Antitrust watchdog says Samsung free of cross-shareholding structure

SEOUL (The Korea Herald/ANN) – South Korea’s largest companies including Samsung have improved transparency in their corporate governance by cutting the links of cross-shareholding structures often blamed for strengthening control of the founders’ descendants over the conglomerates, the antitrust watchdog said last Friday.

last Friday, the Fair Trade Commission announced 15 companies – out of the nation’s largest 60 firms – that have voluntarily made efforts in either improving ownership structure or corporate governance, or easing cross-shareholdings.

The 15 companies are Samsung, LG, Hyundai, SK, Lotte, GS, Hanwha, Hyundai Heavy Industries, LS, Daelim, Hyundai Department Store, Hyosung, TK Corp, SM and HDC.

The top regulator viewed Samsung, the nation’s largest conglomerate, as having completely resolved issues with its cross-shareholding structure this year by removing the remaining seven links.

In April this year, Samsung SDI sold off its stake in Samsung C&T, removing three links. In September, Samsung Electro-mechanics sold its stake in Samsung C&T, addressing the four remaining links.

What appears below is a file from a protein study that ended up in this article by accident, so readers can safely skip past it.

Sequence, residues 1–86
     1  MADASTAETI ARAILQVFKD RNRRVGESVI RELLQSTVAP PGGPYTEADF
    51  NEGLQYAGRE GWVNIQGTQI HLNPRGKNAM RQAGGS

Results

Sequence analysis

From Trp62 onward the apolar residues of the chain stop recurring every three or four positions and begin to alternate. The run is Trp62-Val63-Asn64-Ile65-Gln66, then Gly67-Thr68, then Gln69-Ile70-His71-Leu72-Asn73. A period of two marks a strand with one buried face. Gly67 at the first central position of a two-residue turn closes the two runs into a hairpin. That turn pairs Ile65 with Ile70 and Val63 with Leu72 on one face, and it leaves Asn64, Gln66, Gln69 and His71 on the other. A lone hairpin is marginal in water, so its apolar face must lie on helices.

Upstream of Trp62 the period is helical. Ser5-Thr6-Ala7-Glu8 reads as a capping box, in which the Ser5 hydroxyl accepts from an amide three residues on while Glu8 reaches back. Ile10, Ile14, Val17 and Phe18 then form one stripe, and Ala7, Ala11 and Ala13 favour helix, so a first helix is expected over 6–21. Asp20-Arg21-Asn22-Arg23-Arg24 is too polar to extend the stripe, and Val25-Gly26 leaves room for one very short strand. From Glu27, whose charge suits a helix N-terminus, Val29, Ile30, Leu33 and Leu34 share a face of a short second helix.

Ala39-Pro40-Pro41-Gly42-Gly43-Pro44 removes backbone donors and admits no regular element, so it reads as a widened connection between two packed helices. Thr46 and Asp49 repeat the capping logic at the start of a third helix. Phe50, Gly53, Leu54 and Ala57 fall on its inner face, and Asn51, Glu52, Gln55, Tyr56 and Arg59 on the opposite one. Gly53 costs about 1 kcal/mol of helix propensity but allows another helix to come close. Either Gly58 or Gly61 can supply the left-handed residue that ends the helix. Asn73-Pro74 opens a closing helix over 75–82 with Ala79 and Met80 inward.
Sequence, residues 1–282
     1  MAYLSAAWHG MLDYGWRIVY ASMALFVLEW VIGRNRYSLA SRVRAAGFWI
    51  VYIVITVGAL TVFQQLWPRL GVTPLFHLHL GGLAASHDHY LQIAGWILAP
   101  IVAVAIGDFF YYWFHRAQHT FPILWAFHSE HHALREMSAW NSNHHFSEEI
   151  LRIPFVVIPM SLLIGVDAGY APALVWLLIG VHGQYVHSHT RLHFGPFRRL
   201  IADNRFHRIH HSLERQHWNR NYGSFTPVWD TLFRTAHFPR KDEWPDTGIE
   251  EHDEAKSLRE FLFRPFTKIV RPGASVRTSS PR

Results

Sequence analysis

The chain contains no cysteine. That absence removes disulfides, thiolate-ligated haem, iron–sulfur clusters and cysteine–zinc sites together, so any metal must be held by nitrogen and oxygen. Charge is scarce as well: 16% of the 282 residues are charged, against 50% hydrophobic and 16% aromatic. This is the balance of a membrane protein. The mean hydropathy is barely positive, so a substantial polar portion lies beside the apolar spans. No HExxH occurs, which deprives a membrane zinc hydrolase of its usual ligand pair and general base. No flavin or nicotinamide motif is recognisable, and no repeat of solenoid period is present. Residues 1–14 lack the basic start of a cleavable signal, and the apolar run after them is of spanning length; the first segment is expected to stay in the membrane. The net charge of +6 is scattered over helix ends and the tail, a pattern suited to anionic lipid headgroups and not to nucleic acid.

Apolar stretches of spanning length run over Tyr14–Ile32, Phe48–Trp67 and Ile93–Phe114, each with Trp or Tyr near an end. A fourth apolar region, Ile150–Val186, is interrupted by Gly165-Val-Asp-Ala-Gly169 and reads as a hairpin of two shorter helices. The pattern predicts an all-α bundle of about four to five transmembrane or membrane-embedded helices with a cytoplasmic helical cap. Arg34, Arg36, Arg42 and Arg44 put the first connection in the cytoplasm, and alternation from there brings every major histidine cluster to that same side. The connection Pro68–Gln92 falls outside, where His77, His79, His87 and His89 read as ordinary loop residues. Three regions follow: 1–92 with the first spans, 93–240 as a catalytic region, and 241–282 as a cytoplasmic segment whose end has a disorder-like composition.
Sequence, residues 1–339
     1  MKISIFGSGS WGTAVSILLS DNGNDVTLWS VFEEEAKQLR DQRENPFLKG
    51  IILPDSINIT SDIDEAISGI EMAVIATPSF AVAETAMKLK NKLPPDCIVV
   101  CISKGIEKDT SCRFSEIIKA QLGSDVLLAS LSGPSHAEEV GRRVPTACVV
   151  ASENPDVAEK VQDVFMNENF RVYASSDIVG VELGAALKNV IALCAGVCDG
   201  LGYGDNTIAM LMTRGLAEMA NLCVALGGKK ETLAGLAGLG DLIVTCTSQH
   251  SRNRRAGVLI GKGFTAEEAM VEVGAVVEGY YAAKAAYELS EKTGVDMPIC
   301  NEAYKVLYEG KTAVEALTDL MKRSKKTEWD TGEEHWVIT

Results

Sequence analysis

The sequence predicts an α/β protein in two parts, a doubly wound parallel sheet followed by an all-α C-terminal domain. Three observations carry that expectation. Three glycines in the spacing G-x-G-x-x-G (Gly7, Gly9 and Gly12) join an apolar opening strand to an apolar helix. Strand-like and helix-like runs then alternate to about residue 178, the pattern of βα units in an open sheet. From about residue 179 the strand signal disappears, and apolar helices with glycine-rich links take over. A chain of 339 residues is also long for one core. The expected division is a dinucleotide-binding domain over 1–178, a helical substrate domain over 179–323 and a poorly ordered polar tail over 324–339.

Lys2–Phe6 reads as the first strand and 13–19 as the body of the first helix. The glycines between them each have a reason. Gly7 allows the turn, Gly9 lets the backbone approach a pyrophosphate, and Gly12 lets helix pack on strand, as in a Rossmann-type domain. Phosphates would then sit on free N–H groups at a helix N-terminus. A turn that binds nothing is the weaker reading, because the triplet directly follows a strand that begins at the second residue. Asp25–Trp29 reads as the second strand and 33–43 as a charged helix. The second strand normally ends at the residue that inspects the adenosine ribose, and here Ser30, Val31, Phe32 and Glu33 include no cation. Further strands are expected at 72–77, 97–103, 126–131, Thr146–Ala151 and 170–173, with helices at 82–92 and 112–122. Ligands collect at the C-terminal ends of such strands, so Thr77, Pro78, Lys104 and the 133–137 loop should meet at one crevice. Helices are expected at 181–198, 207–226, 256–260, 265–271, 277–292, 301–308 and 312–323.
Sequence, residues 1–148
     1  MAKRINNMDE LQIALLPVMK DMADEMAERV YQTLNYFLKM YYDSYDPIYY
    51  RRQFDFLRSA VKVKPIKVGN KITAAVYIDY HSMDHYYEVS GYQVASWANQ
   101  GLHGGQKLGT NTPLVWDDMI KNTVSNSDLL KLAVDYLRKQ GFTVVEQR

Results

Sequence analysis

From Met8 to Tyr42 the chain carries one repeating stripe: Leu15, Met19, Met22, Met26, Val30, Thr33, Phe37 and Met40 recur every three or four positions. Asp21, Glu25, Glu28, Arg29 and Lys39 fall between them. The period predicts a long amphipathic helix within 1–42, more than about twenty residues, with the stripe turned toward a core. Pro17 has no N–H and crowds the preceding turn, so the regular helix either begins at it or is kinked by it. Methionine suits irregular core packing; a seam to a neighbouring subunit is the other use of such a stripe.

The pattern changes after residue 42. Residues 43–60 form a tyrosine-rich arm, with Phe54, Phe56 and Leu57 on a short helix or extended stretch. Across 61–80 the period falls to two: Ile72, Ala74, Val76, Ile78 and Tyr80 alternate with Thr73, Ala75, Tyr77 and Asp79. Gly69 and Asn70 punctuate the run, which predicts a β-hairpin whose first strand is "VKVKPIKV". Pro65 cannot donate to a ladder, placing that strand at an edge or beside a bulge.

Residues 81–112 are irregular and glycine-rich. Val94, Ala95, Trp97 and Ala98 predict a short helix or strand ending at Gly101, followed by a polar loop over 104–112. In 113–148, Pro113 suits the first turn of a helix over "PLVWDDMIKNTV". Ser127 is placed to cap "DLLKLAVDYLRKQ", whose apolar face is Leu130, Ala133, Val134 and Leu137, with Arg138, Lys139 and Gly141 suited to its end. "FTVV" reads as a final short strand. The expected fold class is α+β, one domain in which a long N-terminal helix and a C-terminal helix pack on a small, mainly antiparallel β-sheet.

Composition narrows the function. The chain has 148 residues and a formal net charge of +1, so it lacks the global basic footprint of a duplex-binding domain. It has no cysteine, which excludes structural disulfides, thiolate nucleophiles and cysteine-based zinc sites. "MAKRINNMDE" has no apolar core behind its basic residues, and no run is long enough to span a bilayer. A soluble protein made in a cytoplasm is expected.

Alongside the group’s efforts to deal with its complex ownership structure, the FTC also positively viewed its moves to improve corporate governance.

In March, Samsung Electronics and Samsung C&T formed “a committee to recommend outside directors”, which comprised all outside directors. It is designed to strengthen the independence and rights of the outside directors.

The two firms also decided to separate the positions of chairman of the board of directors and CEO, with the aim of holding each other in check and having a balanced structure.

In March, President Lee Sang-hoon was appointed as chairman of the board of directors, replacing Kwon Oh-hyun, who was formerly CEO as well as chairman of the board of directors of Samsung Electronics.

The FTC also positively viewed efforts made by other top conglomerates.

South Korean auto giant Hyundai Motor Group has made efforts for improving corporate governance, even though it is still working on a governance reform plan, the FTC said.

In March, Hyundai Glovis appointed one outside director, who was recommended from its shareholders as part of its efforts to increase the protection of shareholders rights. The largest shareholder of Hyundai Glovis is Hyundai Motor Vice Chairman Chung Eui-sun.